Had his moments going forward too, including a sealing score in extra time in the Ulster Final, and a fiercely struck goal against Clare in the All-Ireland quarter-final. Did as well as anyone against Galway's Cillian McDaid in the semi-final and didn't deserve to have a late dispossession leading to the Tribe's second goal overshadow a brilliant body of work.

9: Cillian McDaid (Galway)

The Monivea Abbey man really stood up when his county needed him, driving forward to make and take scores in tight matches. Struck three points in the second half of the All-Ireland Final, adding to one in the first, keeping Galway's hopes alive despite the attentions of Jack Barry – who has negated Brian Fenton on occasions.

Did so much to take Galway into the decider, including a wonderful goal in extra time and a point to force the quarter-final penalty shoot-out against Armagh.

10: Paudie Clifford (Kerry)

A third consecutive strong season from the Fossa man, and a second Allstar in a row. Chipped in with a couple of scores on four occasions, including in the All-Ireland final, when he came strong when Kerry really required a lift, having also been influential in the second half of the semi-final when Dublin's drive and determination seemed set to force a comeback victory. Rarely spectacular but always industrious, and never gives up no matter how the game is going.

11: Sean O'Shea (Kerry)

The Kenmare Shamrock will always be remembered for his stunning long range free kick conversion to see off Dublin in the All-Ireland semi-final, but Kerry might have been seeking an equaliser at best at that stage if not for his early goal. Showed real cleverness and coolness to bamboozle the Dublin defence and net that and he added 26 points over the entire campaign to finish as Kerry's top scorer in the Championship.

12: Ciaran Kilkenny (Dublin)

The Castleknock man could hardly have done more to get the Dubs back into an All-Ireland Final with a superb second half showing against Kerry and his influence on the Leinster champs remains remarkable. Six points down, he drove Dublin forward, scoring three points from play as they really rattled Kerry. Still the man who makes an evolving Dubs side tick in attack and earned his sixth Allstar.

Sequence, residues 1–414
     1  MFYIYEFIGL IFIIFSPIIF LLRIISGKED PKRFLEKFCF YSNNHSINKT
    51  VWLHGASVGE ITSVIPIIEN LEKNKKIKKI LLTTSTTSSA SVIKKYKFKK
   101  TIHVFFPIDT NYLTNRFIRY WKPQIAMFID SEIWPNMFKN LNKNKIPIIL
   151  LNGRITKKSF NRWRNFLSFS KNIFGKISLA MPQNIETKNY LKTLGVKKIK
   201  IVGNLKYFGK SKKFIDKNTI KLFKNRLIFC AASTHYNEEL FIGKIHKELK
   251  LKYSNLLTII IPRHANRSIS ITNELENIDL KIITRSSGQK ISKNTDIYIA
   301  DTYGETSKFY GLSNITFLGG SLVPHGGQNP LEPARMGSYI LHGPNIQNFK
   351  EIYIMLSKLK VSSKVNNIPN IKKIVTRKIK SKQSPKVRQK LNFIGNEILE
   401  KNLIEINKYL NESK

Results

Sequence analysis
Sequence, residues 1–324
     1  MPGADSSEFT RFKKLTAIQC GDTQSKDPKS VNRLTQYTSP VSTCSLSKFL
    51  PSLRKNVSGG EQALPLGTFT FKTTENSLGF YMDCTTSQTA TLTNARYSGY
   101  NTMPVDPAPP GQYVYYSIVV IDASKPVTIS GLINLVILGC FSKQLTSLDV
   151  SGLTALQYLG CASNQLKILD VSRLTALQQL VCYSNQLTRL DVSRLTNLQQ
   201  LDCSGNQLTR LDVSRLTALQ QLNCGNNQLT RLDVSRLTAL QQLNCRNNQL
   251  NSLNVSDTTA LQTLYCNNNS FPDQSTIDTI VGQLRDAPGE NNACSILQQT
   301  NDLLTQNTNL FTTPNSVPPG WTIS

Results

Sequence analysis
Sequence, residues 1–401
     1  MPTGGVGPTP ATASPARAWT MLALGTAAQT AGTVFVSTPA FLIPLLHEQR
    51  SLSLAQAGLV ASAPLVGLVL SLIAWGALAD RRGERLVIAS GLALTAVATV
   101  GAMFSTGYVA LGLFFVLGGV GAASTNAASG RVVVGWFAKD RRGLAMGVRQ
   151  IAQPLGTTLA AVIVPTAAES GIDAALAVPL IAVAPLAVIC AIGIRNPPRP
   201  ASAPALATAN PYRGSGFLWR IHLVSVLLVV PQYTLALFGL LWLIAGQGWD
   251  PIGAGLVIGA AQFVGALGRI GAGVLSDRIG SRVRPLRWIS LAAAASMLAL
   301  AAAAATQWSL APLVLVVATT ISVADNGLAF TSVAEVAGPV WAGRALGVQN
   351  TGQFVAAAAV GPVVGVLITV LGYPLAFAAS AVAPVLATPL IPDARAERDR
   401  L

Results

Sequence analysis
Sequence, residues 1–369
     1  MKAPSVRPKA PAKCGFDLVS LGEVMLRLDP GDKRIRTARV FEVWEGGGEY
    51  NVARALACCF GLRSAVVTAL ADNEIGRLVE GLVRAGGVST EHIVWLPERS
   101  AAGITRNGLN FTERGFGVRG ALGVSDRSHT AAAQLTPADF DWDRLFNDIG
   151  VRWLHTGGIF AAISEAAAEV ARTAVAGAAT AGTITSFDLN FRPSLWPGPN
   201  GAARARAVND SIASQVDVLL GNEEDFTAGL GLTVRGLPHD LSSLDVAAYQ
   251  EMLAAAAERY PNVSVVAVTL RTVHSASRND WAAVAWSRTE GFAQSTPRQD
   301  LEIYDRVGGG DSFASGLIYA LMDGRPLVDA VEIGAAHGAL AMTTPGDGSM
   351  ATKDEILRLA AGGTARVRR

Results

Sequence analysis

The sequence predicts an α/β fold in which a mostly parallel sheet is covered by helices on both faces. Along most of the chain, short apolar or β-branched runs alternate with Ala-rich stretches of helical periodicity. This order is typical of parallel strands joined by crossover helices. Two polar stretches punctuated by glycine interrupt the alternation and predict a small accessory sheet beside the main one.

13: David Clifford (Kerry)

The boy prince will surely be crowned King, when the verdict of the GPA membership on Footballer of the Year is delivered tomorrow night. Shane Walsh was slightly better than him in the All-Ireland Final, but 'Ogie' undoubtedly delivered on his exceptional promise this year. Once again, weirdly, he was quiet against Cork, and didn't even bother playing against Limerick, but he showed his awesome class on the big stage, Croke Park. Scoring 1-3 against Mayo, 0-6 against Dublin, and 0-8 in the decider against Galway, his movement, aerial prowess, and finishing – from play and from frees and marks – is exceptional. Galway's excellent captain Sean Kelly simply could not contain the Fossa star.

14: Damien Comer (Galway)

The Annaghdown bull broke Derry's defences, and their hearts, in the All-Ireland semi-final with a match-winning tally of 2-2 when Shane Walsh was held scoreless from play, capping off an excellent season for him. Galway's inability to get him into the Final, with Jason Foley sticking tight to him and Tadhg Morley in front to cut out any attempted kick-passes, was a major factor in the Kingdom's win. More effective when dropping deeper, as he had been against Mayo – a handful for any defence.

15: Shane Walsh (Galway)

It's debatable whether the Galway forward should be listed as a Kilmacud Croke's player or Kilkerrin/Clonberne, having transferred from the latter, his home club to the Dublin side after the All-Ireland Final – but there's no doubt he was fabulous in that decider. Scored 0-9, 0-4 from play, in a mesmerising performance which cost his supposed marker Tom O'Sullivan an Allstar. That brought his season's Championship tally to 1-36, making him overall top scorer – and even when held scoreless from play, as Derry managed to do, he was still influential from placed balls – as against Mayo too.

2022 PwC Football Allstars:

Shane Ryan (Kerry);

Chrissy McKaigue (Derry), Jason Foley (Kerry), Liam Silke (Galway);

Tadhg Morley (Kerry), John Daly (Galway), Gavin White (Kerry);

Conor Glass (Derry), Cillian McDaid (Galway);

Paudie Clifford (Kerry), Sean O'Shea (Kerry), Ciaran Kilkenny (Dublin);

David Clifford (Kerry), Damien Comer (Galway), Shane Walsh (Galway).

Winners by county:

Kerry 7; Galway 5; Derry 2; Dublin 1.